We have in the East, by the Mohammedan worshiper, that same clasping of the hands above the head which we see expresses reverence for a living superior. Among the Greeks, "the Olympian gods were prayed to in an upright position with raised hands; the marine gods with hands held horizontally; the gods of Tartarus with hands held down." And the presentation of the hands joined palm to palm, once throughout Europe required from an inferior when professing obedience to a superior, is still taught to children as the attitude of prayer.
Nor should we omit to note that a kindred use of the hands descends into social intercourse. The filiation continues to be clear in the far East. "When the Siamese salute one another, they join the hands, raising them before the face or above the head." Of the eight gradations of obeisance in China, the first and least profound is that of joining the hands and raising them before the breast. Even among ourselves a remnant of this action is traceable. An obsequious shopman or fussy innkeeper may be seen to join and loosely move the slightly raised hands one over another, in a way suggestive of derivation from this primitive sign of obedience.
A group of obeisances having a different, though adjacent root, come next to be dealt with. Those which we have thus far considered do not directly affect the subject person's dress; but from modifications of dress, either in position, state, or kind, a series of ceremonial observances result.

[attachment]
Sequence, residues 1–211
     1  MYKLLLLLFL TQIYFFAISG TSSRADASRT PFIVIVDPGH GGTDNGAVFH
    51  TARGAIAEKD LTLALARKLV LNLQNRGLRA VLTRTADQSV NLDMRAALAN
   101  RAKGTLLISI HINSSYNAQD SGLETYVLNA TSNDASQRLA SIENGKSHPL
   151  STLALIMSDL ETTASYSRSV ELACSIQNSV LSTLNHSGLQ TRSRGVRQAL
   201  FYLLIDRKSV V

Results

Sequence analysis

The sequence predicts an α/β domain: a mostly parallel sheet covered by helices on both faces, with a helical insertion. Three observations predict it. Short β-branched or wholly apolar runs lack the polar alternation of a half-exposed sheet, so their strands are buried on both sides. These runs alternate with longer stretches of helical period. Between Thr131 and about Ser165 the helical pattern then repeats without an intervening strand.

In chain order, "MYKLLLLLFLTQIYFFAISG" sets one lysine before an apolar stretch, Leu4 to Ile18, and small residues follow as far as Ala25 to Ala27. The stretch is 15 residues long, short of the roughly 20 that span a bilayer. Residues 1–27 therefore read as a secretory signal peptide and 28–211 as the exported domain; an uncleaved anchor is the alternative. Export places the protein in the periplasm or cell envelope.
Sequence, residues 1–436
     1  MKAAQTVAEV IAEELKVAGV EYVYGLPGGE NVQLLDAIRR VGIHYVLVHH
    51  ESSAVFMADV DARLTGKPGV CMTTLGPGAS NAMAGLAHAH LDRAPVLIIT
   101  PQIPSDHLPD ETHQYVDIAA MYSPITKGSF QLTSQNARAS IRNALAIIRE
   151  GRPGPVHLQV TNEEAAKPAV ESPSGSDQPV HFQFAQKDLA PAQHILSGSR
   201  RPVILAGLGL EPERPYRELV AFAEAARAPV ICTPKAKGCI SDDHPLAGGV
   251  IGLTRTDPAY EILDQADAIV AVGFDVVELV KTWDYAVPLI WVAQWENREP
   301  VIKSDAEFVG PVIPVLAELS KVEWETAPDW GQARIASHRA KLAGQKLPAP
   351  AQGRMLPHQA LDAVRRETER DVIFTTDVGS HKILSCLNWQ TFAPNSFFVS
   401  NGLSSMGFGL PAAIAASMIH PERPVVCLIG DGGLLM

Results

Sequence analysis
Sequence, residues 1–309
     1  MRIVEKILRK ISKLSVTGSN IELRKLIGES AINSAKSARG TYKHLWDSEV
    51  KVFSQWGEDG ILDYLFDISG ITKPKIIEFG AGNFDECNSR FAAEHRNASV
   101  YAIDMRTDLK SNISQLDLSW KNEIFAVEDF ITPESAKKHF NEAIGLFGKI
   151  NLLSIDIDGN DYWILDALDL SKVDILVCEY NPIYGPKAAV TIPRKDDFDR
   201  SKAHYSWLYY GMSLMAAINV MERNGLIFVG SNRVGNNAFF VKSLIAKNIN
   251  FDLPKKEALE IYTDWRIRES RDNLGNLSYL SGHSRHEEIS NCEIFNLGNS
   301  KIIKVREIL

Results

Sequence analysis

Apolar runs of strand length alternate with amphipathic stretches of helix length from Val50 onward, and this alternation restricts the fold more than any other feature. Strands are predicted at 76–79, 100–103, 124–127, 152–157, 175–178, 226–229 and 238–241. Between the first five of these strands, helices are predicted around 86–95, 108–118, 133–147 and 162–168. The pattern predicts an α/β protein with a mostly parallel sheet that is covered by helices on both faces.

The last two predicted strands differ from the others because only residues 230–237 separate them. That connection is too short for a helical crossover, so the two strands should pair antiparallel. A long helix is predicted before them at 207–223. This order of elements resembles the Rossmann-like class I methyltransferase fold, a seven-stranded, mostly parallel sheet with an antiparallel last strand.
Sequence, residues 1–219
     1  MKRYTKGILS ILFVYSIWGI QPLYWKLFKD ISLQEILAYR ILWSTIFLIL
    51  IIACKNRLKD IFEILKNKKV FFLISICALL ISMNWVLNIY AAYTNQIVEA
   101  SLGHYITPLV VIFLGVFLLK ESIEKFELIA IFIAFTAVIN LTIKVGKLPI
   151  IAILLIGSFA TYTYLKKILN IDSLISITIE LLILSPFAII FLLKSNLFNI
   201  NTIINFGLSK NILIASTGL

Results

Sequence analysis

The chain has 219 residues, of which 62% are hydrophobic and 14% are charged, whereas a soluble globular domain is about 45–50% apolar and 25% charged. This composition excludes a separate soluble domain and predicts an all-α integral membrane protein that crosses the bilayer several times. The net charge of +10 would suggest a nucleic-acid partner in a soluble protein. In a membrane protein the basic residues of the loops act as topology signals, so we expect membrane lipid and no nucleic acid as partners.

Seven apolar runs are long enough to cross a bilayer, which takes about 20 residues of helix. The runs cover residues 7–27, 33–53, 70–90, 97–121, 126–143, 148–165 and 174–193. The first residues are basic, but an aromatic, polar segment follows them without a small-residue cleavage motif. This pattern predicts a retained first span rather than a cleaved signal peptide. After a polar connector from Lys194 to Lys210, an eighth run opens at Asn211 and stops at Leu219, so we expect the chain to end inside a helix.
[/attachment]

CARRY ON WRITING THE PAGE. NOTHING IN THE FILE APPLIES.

The conquered man, prostrate before his conqueror, and becoming himself a possession, simultaneously loses possession of whatever things he has about him. The minor loss of his property is included in the major loss of himself; and so, while he surrenders his weapons, he also yields up, if the victor demands it, whatever part of his dress is worth taking: the motive for taking it being, in many cases, akin to the motive for taking his weapons; since, being often the hide of a formidable animal, or a robe decorated with trophies, the dress, like the weapons, becomes an addition to the victor's proofs of prowess. At any rate, it is clear that, whatever be the particular way in which the taking of clothing from a conquered man originates, the nakedness, partial or complete, of the captive, becomes additional evidence of his subjugation. That it was so regarded of old in the East, we have clear proof. In Isaiah xx. 2-4, we read: "And the Lord said, Like as my servant Isaiah hath walked naked and barefoot three years for a sign. . . so shall the King of Assyria lead away the Egyptians prisoners, and the Ethiopians captives, young and old, naked and barefoot." Nor are we without evidence, furnished by other races, that the taking off and yielding up of clothing hence become a mark of political submission, and in some cases even a complimentary observance. In Feejee, on the day for paying tribute—